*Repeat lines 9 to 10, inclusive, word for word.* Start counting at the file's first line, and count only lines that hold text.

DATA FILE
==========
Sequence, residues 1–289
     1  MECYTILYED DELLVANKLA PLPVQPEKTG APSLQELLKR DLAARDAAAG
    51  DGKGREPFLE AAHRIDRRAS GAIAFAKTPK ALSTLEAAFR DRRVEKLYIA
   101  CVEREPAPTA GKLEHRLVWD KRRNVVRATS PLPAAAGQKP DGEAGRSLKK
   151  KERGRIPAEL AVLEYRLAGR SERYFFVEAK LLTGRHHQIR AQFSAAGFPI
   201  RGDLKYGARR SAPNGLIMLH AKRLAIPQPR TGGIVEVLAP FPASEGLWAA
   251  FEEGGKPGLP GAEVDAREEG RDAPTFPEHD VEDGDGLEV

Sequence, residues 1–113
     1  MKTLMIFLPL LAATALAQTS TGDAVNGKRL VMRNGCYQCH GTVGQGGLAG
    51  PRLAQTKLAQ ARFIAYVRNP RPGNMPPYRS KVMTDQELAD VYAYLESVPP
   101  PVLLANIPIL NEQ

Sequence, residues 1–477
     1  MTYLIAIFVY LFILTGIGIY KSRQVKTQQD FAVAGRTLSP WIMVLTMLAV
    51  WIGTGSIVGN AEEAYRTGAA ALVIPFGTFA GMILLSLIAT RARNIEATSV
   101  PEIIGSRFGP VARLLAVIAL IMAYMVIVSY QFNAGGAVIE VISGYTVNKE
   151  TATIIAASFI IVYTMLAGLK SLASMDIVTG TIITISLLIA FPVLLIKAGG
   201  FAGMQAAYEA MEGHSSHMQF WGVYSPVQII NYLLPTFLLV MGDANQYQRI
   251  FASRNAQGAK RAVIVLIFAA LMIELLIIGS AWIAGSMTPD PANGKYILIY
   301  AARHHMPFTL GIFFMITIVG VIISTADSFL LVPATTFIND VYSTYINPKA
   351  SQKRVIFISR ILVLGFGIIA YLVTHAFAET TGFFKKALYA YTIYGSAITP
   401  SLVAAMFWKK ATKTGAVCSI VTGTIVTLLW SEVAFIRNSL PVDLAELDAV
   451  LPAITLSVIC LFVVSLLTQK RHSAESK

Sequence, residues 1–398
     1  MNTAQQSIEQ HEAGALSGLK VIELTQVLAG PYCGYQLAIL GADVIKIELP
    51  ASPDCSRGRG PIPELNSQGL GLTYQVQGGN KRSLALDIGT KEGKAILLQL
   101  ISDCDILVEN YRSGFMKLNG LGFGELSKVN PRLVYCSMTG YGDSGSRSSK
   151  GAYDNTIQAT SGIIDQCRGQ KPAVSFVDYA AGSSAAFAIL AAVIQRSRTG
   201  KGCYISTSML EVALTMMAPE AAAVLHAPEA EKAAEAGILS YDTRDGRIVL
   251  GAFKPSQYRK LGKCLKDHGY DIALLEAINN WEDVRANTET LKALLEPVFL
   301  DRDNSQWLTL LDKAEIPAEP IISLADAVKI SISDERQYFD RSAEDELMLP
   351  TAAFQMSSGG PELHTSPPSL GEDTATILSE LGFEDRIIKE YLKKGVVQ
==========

     1  MKTLMIFLPL LAATALAQTS TGDAVNGKRL VMRNGCYQCH GTVGQGGLAG
    51  PRLAQTKLAQ ARFIAYVRNP RPGNMPPYRS KVMTDQELAD VYAYLESVPP